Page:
While the current pandemic of Coronavirus Disease 2019, or COVID-19 places people with chronic health conditions at greater risk, it leaves even greater numbers of healthy people in confusion. Media tells us to practice “social distancing,” but what does that mean?
Do you need to lock yourself away from the rest of the world indefinitely?
If You and Your Household are HealthyIf neither you, nor anyone in your household is exhibiting COVID-19 symptoms – that is, fever, runny nose, coughing, shortness of breath, etc. – it’s still a good idea to limit your interactions with others, but you have more flexibility.
Per the latest White House guidelines to “slow the spread,” those without symptoms should avoid social gatherings in groups of 10 or more people. Because we don't yet know everything about the virus, even if you are healthy, you should act as though you might be a carrier and limit your contact with the general public. However, you can still go outside, take your dog for a walk, or even go to the store if needed.
But because we don't yet know everything about the virus, even if you are healthy, you should act as though you might be a carrier and limit your contact with the general public. Stay home as much as possible. When you absolutely have to go out, avoid close contact with others, and follow the common-sense guidelines we featured in our previous blog post about COVID-19, such as washing your hands, disinfecting your surroundings, avoiding those who are sick, etc.
If You or Someone in Your Household is SickIf you are sick with COVID-19 symptoms – that is, fever, runny nose, coughing, sneezing, nausea, vomiting, etc. – you should self-quarantine and call your doctor for instructions. Your doctor will probably tell you to stay home until you are symptom-free for at least 24 hours – without fever reducing medication, antihistamines or cough suppressants.
Those who have coronavirus should also quarantine themselves away from other members of the household by staying in one room, and using a different bathroom if available.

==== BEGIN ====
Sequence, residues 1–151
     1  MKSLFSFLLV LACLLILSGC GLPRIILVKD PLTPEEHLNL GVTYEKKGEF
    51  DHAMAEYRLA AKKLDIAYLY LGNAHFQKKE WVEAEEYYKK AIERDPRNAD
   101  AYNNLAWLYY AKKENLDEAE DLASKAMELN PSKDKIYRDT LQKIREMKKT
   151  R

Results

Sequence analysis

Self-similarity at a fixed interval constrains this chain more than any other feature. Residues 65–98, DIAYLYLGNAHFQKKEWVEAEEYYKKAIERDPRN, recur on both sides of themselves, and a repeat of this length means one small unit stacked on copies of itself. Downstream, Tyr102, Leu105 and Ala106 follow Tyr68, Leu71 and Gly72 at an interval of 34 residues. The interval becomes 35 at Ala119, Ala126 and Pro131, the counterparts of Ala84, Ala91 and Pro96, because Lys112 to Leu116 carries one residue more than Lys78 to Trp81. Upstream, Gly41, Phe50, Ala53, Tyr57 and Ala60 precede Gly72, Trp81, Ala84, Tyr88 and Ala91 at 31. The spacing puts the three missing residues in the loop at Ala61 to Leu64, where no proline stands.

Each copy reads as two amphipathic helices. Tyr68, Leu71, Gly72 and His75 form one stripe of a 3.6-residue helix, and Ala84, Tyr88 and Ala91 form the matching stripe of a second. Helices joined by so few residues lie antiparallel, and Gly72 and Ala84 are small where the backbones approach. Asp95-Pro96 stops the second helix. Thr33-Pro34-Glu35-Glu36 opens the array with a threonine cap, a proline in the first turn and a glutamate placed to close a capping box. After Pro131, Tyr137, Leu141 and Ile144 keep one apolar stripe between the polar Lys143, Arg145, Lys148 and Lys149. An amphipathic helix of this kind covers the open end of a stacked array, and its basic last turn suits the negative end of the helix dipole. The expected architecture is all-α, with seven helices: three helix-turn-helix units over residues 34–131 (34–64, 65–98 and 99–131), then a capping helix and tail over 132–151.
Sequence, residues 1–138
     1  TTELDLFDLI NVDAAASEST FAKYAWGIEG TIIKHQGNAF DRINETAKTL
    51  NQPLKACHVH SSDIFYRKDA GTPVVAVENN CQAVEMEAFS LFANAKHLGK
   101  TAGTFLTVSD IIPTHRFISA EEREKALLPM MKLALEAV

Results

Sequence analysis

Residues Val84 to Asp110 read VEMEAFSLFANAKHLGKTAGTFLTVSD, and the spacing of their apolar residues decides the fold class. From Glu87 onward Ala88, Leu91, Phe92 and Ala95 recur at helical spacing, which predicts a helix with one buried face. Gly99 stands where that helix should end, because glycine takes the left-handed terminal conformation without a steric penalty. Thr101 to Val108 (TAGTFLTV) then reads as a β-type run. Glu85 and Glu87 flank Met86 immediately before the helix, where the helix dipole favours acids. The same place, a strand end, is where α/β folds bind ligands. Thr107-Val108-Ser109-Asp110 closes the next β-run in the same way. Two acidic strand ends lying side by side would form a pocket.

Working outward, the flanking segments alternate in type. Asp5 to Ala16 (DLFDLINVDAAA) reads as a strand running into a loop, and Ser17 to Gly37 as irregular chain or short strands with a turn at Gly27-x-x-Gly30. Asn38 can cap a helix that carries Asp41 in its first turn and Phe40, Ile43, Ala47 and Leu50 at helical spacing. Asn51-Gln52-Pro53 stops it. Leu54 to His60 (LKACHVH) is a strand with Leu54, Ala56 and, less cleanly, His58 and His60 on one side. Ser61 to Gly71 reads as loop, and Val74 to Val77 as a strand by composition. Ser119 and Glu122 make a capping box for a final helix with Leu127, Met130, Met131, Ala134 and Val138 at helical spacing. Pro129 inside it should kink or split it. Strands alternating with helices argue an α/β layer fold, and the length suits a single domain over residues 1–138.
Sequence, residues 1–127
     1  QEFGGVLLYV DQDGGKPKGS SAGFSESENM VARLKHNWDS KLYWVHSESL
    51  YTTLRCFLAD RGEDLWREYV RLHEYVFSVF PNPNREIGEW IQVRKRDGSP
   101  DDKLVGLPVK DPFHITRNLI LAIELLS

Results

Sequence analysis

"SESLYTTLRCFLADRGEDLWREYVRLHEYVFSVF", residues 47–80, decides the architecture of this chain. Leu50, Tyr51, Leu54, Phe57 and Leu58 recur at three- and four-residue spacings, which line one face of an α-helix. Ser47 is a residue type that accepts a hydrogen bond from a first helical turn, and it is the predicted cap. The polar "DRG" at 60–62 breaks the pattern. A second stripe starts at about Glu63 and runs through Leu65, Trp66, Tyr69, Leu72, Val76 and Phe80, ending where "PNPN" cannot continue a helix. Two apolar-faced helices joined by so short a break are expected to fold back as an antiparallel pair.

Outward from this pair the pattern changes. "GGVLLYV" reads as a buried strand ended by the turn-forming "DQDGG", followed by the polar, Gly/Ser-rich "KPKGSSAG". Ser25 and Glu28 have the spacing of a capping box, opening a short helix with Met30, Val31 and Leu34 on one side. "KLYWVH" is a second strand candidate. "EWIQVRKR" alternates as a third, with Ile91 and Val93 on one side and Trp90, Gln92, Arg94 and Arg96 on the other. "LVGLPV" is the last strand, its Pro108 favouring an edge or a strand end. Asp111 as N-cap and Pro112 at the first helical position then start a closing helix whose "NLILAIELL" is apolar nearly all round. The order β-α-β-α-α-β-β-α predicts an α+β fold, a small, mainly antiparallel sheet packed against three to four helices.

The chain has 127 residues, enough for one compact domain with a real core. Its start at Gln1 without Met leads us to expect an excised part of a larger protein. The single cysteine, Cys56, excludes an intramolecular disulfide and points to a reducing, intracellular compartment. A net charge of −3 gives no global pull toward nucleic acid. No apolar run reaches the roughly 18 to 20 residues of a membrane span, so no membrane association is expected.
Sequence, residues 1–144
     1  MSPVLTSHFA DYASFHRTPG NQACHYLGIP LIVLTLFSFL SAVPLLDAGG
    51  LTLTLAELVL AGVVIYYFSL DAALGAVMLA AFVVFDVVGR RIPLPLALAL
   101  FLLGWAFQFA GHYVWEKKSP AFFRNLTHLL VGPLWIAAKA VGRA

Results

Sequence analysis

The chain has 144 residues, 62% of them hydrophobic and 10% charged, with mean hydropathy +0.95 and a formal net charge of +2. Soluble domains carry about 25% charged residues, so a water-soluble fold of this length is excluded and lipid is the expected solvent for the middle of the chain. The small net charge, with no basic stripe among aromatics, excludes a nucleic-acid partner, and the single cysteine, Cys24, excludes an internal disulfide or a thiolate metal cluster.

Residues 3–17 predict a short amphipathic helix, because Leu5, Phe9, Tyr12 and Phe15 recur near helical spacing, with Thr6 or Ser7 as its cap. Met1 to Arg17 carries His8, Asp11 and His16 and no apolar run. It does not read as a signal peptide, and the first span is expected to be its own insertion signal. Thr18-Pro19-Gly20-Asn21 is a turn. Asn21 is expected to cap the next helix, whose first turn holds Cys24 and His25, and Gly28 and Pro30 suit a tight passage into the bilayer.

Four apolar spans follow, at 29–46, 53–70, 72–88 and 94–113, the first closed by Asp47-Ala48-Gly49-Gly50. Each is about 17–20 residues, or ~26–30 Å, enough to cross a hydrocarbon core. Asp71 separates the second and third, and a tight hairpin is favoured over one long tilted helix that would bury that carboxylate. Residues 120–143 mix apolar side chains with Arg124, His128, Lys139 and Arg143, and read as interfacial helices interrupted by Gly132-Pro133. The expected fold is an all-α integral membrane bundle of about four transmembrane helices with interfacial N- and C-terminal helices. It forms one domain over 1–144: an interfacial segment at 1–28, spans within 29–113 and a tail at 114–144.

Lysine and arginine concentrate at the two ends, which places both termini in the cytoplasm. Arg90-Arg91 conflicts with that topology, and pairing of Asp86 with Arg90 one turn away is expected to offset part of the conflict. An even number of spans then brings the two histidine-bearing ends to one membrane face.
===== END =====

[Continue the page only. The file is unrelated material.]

The U.S. Centers for Disease Control and Prevention (CDC) has issued these guidelines for those who have COVID-19, and for those who live with someone who does. It’s important for those individuals to take even more care to prevent spreading the virus. For example, washing their hands frequently, disinfecting often-used surfaces and items, laundering their clothing, bedsheets and towels, etc.
If you are a caregiver who is in close contact with someone who has COVID-19, you should closely monitor your own symptoms and avoid contact with others.
If someone in your home is a COVID-19 patient, but they are quarantined in another room and you don’t have close contact, you should still monitor your symptoms and limit your contact with others, using your best discretion.
Stress and CopingWhatever your situation, it may be a stressful and confusing time for you and your family. We encourage you to take some time to focus on self care:
- Be sure that you are continuing to eat a balanced diet and get enough exercise and sleep.
- If you have children, reassure them that all is well.
- Remember that everyone exhibits stress differently. Be patient with those who are behaving in unusual ways. Ask how you can best help them.
- Connect with others remotely - Skype or talk on the phone with friends and family. Share your experiences and how you’re feeling.
- Do things you enjoy - play games, watch movies, read books, meditate, etc.
- Take the time to do things at home that you've wanted or needed to do for awhile but just haven't had time!
- Stay informed, but take an occasional break from the news cycle.
Remember that we’re all doing our part and will get through this together!